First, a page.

How Animation makes safety trainings better
Visual Methods have always been considered as one of the best ways to communicate. No wonder it is said that a picture is worth a thousand words.
In the world of Industrial EHS (Environment, Health & Safety), safety training is considered as one of the most important and basic aspects in achieving work-place safety goals. Safety animation videos are motion pictures which are created to assist such training and keeping work-forces safe at the workplace. Safety animation videos make these safety training programs interactive and effective. They are one of the best ways for training as they can manifest thought processes into practically visible form. Here are a few benefits that animation movies provide for enhancing training performances;
Illustrating Things That Are Too Dangerous to Film or Demonstrate in Real Life
Industrial incidents or accidents are a reality that one has to live with, however, a true safety custodian will ensure that lessons are learnt and events are not repeated. A replication of the incident could be a great way to learn lessons but it’s difficult to film it or recreate it into a video. This is where animation can be used for recreating the incident scenarios and further used in safety trainings. The benefit of animation is that one can recreate the incident or accident to an exact replica.
E.g. an incident occurring in confined space might be difficult to replicate by video filming using cameras. However, using animation technologies, restricted spaces can be recreated using 3D models and the scenario can be replicated to an exact.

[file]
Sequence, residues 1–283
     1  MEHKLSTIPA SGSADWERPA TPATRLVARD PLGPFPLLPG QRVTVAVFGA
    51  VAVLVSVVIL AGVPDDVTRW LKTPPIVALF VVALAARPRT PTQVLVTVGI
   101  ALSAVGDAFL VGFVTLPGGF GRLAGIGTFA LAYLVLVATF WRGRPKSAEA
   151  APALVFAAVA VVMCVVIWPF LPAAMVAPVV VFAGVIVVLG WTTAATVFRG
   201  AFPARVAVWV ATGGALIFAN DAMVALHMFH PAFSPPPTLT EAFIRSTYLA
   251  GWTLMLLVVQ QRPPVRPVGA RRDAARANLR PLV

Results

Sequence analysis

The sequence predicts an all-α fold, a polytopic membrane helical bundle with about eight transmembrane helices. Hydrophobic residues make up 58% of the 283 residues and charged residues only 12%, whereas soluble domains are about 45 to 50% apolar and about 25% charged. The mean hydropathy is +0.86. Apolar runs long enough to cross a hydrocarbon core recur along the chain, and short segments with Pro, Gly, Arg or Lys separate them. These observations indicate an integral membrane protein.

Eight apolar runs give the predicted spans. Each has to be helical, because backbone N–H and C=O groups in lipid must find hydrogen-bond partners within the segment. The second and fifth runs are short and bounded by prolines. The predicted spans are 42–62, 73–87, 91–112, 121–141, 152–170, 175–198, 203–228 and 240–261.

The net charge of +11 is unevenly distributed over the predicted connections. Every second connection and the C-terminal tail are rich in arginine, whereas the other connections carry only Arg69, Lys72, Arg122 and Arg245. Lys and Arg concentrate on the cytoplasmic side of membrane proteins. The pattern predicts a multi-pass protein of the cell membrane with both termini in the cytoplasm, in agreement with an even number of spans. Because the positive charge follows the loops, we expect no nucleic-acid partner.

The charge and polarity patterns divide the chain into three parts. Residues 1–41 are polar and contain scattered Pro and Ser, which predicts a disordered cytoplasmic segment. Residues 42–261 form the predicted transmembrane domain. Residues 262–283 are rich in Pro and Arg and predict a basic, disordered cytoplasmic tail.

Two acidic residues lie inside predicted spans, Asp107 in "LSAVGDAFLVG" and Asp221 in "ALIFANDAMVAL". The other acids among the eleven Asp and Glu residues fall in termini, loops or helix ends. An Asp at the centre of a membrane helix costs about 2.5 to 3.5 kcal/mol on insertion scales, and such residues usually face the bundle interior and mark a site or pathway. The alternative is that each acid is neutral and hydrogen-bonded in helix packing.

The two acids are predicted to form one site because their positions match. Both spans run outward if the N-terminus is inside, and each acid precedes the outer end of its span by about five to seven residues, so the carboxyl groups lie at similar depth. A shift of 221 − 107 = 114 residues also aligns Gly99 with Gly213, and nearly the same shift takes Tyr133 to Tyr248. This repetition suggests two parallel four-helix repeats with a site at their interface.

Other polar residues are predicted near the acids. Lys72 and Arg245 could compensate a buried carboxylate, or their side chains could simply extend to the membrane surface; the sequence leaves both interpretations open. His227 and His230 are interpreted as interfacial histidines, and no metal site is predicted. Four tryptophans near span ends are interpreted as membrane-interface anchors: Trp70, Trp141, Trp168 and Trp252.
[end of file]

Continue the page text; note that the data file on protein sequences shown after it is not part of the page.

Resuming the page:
Showing “Hidden” Views or presenting close-ups
In line with incidents, there are some sections (whether in engineering, manufacturing or projects) which are difficult to be filmed using ‘live’ video. Animation can be used to represent cross sections of machinery, cut-outs of products, SOPs, assembly chronologies, operating sequences and many more. Hidden views or close-ups of parts inside working mechanism of any tools can be easily shown through animation. A Safety animation movie can better explain the mechanism of a SOP in slow motion and/or zoomed form for better understanding of safe work procedures.
Making the Invisible Visible with Safety Animation Movie
Some scenarios are tough to even imagine or represent and yet, they are a reality that requires utmost attention. Here again, animation technologies are available for reproducing such hypothetical events (imagination) into movies. Such movies serve as great examples for preventing unforeseen events.
For e.g. in excavation activities, some of the Safety Trainings need to show different layers and hazards that are unimaginable yet real. There are multiple situations where hazards are invisible and are required to be represented effectively to make the safety training more productive. View a sample for knowing more about how animation can be used to show such events:
Highlighting for better focus and explanation
Most of the movies made can be very good in quality, however, if it cannot sensitize a person towards the importance of safety, then the objective of the video is lost. Background sounds, graphical visuals and high definition video quality are important but do not (in any way) represent or demonstrate the criticality of safety. It is imperative that critical portions of the movie are highlighted in a manner that information can be retained for a longer period. Such critical sections can be highlighted in a much better manner in animation movies.
It can be safely concluded that animated safety videos are far more interactive, effective and able to make safety training programs better, compared to other, conventional, training methods.
- Animation videos can be used for showing incident scenarios or unimaginable demonstrations easily and effectively.
- Combination of Audio and Visuals in Animation movies make it many times more interactive.
- Animation can reach places where trainees can’t reach (for training purposes).
- Safety animation videos are cost effective and easier to produce compared to ‘real life’ video shot films.